Light & Verity

Hate speech and free speech

Adam Simpson

Adam Simpson

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The words "nigger school" spray-painted on a Pierson College wall, and "drama fags" on the University Theatre. Students costumed in blackface for Halloween. Fraternity brothers posing for a photo with a sign saying "We Love Yale Sluts." A swastika, in snow, swabbed onto a tree trunk on the Old Campus.

An unusual spate of degrading speech and expression broke out on campus over the past year, causing the university to ask itself whether such acts are thoughtless pranks or signs of lingering prejudice. The incidents have roused the attention of administrators and activists alike, and student groups are clamoring for new university action to address hate speech.

After an earlier string of incidents last year, students from Yale's ethnic cultural houses and several other groups on campus banded together to form an umbrella organization called the Coalition for Campus Unity, or CCU. The group reached out to administrators to discuss the incidents, resulting in a new requirement for incoming freshmen to read Beverly Tatum's book Why Are All the Black Kids Sitting Together in the Cafeteria? and to participate in discussions about racial sensitivity.

Yale College dean of student affairs Marichal Gentry says the college plans to set up an Intercultural Affairs Council (IAC) that will promote awareness of the need for intercultural sensitivity. In addition, over the past year, the Graduate School and the college dean's office organized four public faculty-led panel discussions on the history, politics, sociology, and psychology of hate.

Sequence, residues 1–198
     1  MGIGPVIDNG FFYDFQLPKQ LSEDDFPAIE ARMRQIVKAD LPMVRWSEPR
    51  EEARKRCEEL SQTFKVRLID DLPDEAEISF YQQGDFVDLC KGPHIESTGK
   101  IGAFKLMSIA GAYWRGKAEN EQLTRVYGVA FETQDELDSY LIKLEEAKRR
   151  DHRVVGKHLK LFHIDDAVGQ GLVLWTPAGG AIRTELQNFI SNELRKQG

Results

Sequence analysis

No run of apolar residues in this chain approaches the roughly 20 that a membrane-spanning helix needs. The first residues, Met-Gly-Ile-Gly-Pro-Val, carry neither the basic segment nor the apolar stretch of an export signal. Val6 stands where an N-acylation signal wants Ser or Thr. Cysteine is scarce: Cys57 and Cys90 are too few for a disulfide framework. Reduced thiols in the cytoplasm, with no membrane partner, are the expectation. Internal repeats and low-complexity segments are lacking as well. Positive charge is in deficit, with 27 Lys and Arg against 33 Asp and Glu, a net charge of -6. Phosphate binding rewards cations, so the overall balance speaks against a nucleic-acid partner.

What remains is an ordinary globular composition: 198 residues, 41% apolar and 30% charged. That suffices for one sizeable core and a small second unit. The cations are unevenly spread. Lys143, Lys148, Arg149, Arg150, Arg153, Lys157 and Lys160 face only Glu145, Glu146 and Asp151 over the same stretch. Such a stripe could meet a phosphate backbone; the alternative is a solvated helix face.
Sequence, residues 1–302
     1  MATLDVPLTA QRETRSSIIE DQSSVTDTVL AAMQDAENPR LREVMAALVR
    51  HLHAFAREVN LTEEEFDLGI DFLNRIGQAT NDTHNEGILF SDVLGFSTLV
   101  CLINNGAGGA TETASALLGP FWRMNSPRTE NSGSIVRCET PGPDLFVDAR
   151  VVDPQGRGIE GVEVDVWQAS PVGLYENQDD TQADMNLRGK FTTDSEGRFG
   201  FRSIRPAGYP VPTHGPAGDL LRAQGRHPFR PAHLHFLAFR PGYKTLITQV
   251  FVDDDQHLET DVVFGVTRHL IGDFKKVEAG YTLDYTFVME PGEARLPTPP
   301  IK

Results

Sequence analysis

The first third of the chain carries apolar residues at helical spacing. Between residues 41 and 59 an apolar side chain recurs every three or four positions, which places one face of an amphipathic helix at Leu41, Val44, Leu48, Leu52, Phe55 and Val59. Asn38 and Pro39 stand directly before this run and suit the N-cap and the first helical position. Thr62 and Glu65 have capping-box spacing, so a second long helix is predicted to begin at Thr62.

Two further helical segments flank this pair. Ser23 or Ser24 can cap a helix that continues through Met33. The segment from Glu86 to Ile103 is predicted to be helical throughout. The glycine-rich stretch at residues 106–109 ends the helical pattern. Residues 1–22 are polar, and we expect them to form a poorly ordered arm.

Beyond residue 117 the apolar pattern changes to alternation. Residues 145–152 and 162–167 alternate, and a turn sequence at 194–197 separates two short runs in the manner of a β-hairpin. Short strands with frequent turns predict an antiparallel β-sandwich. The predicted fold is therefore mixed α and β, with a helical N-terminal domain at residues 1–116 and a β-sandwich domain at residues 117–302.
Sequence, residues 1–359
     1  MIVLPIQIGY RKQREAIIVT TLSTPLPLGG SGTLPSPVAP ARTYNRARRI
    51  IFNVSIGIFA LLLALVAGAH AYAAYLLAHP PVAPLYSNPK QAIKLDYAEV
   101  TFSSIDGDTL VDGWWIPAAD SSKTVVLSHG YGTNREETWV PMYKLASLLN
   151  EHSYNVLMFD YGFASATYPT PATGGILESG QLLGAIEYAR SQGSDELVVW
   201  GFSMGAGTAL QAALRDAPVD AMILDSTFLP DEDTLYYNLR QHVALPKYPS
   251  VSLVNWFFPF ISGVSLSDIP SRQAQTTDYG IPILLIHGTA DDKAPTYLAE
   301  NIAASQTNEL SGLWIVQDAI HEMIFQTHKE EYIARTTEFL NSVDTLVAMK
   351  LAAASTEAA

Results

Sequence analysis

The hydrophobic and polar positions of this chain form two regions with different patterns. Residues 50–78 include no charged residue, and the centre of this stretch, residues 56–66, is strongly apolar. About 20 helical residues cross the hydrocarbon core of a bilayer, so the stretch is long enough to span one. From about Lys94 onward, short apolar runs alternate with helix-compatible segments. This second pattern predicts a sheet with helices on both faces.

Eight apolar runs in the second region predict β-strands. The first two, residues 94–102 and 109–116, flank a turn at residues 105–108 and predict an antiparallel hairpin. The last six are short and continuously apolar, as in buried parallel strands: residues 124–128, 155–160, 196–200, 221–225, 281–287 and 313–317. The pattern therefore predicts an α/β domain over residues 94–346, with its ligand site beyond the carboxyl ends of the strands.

CCU has also proposed a new grievance board that would hear complaints about offensive speech. CCU member Robert Szykowny ’08 says students currently don't know where to go for help, and "people are intimidated." Gentry says the IAC planners are considering the CCU proposal, but he adds that the college has existing student complaint procedures for cases of harassment or discrimination. He says the IAC will help promote awareness of the existing grievance policy.

But Yale has not indicated that it will back away from the Woodward Report, a 1975 document on free expression that was adopted as official university policy. That report defends "the right to think the unthinkable, discuss the unmentionable, and challenge the unchallengeable."

Meanwhile, the campus is left wondering why the number of such incidents has climbed over the past year or two. No one has a conclusive explanation, though Marianne LaFrance, a professor of psychology and women's and gender studies who spoke on one of the four panels about hate, suggests that the rash of recent incidents may be part of a copycat pattern encouraged by the "hothouse atmosphere" of a college campus. She notes that, even if they were intended as jokes, such incidents can have serious effects on members of the target groups. And "one of the best ways to actually quiet or silence people who have been hurt or ridiculed by humor is to say, 'Oh please, it was just a joke.'"

This explanation rings true to CCU member Thomas Meyer ’11, who says that as a freshman, he has been surprised by the volume of offensive incidents over the past year.

"I think part of it is the very fact that this campus is considered so liberal, so tolerant," Meyer says. "They're not constantly thinking of Yale as a place where bigotry happens. So doing something like that might seem okay -- might seem funny, at the time."  

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